A report by the Grattan Institute into higher education outcomes released last month has found male university students with low school results would be better off pursuing vocational education.
Risks and rewards: when is vocational education a good alternative to higher education? found vocational alternatives to university are worth considering for male students in those circumstances.
“Schools need to give them better career advice alerting them to these possibilities – and governments should end funding biases against vocational education,” the report said.
Risks and rewards also found vocational education alternatives for women are less attractive.
“Few women enrol in vocational education engineering, and those who do often have poor career and earnings outcomes.
“Teaching and nursing are popular university courses for low-ATAR women, and often lead to stable careers. These students are unlikely to do better in a vocational education course,” it said.
The 2018 CIT Annual Report showed that in 2018, 91% of CIT graduates were employed or in further study, compared with 84% nationally, and 82% of CIT graduates were employed after training, compared with 72% nationally.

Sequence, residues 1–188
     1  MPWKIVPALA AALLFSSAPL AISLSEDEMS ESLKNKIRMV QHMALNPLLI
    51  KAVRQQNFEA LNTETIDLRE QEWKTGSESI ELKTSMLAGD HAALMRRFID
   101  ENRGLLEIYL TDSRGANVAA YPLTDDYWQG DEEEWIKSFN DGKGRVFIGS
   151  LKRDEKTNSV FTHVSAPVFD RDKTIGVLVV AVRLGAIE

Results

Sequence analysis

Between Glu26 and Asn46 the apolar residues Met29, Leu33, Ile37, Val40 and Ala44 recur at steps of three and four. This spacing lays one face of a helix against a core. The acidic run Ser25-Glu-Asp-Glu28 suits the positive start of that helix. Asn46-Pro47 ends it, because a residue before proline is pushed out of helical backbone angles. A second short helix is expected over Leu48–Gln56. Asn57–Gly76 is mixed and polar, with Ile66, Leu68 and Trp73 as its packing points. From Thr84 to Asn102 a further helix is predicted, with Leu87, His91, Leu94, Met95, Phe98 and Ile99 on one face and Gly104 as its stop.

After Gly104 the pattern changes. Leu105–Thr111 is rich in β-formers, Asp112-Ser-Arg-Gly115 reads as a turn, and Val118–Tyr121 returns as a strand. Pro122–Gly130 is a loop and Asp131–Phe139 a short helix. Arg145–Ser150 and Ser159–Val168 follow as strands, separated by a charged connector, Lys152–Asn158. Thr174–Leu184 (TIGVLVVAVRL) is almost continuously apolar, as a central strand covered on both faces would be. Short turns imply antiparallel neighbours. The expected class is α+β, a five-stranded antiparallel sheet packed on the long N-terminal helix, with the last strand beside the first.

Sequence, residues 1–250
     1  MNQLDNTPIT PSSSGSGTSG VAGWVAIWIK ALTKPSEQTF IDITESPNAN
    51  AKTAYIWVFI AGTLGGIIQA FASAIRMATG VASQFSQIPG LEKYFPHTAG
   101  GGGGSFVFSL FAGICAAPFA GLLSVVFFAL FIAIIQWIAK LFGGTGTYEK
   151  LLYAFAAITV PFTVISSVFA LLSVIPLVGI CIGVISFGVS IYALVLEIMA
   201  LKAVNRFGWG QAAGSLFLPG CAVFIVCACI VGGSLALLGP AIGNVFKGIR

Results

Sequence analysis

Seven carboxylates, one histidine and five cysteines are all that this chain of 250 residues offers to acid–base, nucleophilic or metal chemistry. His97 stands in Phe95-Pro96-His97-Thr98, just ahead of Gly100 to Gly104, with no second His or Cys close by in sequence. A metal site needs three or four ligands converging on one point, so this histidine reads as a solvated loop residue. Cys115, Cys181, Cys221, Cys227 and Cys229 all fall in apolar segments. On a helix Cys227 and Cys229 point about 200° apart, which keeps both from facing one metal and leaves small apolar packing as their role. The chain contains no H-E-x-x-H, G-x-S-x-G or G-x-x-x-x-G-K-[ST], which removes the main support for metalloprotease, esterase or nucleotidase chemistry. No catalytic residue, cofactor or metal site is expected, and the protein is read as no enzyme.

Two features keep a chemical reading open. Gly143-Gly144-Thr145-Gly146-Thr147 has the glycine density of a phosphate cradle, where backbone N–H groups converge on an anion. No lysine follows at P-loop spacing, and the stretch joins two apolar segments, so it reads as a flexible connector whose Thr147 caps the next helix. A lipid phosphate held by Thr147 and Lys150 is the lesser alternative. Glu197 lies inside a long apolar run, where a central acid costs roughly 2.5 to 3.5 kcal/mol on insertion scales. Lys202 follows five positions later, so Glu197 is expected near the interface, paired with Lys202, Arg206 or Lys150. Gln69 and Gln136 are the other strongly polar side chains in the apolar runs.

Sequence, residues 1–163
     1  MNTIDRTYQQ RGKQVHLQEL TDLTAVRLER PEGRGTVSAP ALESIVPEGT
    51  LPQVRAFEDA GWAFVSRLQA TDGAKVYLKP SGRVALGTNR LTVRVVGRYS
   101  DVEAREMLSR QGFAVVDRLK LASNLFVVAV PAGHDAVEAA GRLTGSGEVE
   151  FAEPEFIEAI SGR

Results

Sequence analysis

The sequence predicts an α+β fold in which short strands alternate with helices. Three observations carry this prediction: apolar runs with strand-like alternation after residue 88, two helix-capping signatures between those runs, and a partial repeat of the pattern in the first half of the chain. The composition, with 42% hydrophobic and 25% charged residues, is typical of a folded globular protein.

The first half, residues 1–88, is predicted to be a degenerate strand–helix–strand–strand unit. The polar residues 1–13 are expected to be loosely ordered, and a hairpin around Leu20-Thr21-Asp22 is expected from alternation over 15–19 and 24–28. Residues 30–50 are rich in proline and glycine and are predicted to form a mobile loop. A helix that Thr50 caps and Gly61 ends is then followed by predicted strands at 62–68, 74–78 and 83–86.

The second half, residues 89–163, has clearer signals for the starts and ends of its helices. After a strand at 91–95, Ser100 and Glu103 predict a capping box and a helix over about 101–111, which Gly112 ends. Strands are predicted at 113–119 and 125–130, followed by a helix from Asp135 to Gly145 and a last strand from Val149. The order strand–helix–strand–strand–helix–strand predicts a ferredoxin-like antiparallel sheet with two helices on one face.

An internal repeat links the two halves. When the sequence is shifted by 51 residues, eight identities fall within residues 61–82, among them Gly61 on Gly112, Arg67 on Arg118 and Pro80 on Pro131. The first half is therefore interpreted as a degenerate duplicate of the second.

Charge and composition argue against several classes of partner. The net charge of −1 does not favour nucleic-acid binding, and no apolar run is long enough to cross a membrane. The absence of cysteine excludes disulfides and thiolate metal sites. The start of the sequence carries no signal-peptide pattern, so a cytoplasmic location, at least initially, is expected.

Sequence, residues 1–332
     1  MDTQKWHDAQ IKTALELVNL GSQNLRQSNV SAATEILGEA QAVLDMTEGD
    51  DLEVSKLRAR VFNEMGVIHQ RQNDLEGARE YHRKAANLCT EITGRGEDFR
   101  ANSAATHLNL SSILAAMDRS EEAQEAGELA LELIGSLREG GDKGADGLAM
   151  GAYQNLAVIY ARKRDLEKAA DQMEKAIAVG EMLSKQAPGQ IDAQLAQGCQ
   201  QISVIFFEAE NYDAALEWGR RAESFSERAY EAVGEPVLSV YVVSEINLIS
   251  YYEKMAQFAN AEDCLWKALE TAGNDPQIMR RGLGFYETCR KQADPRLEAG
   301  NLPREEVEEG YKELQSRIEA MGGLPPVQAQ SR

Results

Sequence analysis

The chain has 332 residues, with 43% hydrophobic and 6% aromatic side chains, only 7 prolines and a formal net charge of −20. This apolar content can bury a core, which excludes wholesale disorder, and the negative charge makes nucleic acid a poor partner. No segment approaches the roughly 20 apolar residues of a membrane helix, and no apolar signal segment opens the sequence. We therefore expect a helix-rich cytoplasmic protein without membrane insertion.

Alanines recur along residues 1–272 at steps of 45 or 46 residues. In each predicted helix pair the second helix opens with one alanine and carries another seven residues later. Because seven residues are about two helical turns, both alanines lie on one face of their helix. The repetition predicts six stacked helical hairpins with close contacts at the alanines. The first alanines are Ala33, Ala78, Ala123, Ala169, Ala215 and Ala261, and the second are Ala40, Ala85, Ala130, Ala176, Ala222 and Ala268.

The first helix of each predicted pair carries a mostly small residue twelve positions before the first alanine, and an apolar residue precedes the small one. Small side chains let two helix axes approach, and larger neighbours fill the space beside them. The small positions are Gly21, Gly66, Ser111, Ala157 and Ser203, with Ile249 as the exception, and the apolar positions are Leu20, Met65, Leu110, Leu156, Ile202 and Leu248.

Locally, Canberra vocational training boasts the second highest employment outcomes nationally, according to an ACT Government spokesperson.
They said vocational training in the ACT provides Canberrans, including school leavers, with pathways to meaningful employment.
“The ACT also had the highest proportional increase of any state or territory in the number of students in government-funded vocational education and training (VET) in 2018 and, in recent years, has seen an increase in the completion rates for VET students.
“VET and the higher education sector are both important pathways into a career,” they said.
A University of Canberra (UC) spokesperson said their institution has the highest starting salary and graduate outcomes in the ACT.
The UC spokesperson said women, and most men, are broadly far better off with a university degree.
“It is important to note that the recent Grattan Institute report identified that only some male students with low ATARs may be financially better off with a trade qualification in male-dominated areas such as engineering.”
“According to the 2018 Graduate Outcomes Survey, the University of Canberra’s graduate employment rate is 89%, which is above the national average.
“UC graduates’ starting salaries across all study areas are on average $60,000 per year, above the national university average of $58,000.”
Skilling Australia’s 2017 report Perceptions Are Not Reality showed while university enrolments continued to rise, the proportion of university graduates in full-time employment post-graduation fell in the years from 2008 to 2014.
“The proportion of bachelor degree graduates in full-time employment fell from 86% to 68% (the lowest number in three decades) and still remains low at 69%,” it said.
“Comparatively, 78% of VET graduates are employed after training and 82% of graduates who participated in VET as a part of an apprenticeship or traineeship are employed after training.”
ANU was contacted for comment regarding graduate outcomes but did not reply by print deadline.